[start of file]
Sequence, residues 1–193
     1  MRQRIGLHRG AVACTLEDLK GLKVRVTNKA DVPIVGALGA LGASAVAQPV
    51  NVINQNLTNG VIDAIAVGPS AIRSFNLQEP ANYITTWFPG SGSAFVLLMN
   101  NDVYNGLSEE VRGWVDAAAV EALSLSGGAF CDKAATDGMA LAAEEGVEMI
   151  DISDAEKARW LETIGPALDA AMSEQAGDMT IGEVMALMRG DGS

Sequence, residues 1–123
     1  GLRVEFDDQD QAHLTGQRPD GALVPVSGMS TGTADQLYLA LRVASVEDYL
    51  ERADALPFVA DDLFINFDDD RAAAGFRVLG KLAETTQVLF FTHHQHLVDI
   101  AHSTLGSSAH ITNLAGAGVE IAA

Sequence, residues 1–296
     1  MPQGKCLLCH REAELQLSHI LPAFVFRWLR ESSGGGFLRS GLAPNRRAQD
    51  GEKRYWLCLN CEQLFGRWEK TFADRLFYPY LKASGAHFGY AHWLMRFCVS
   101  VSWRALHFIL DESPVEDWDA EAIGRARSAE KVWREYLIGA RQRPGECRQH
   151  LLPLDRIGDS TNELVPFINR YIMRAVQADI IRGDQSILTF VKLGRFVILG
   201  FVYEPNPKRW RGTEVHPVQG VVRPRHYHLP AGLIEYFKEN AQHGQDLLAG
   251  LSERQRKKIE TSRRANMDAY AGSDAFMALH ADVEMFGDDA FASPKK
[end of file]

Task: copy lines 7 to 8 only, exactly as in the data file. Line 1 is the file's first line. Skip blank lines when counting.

     1  GLRVEFDDQD QAHLTGQRPD GALVPVSGMS TGTADQLYLA LRVASVEDYL
    51  ERADALPFVA DDLFINFDDD RAAAGFRVLG KLAETTQVLF FTHHQHLVDI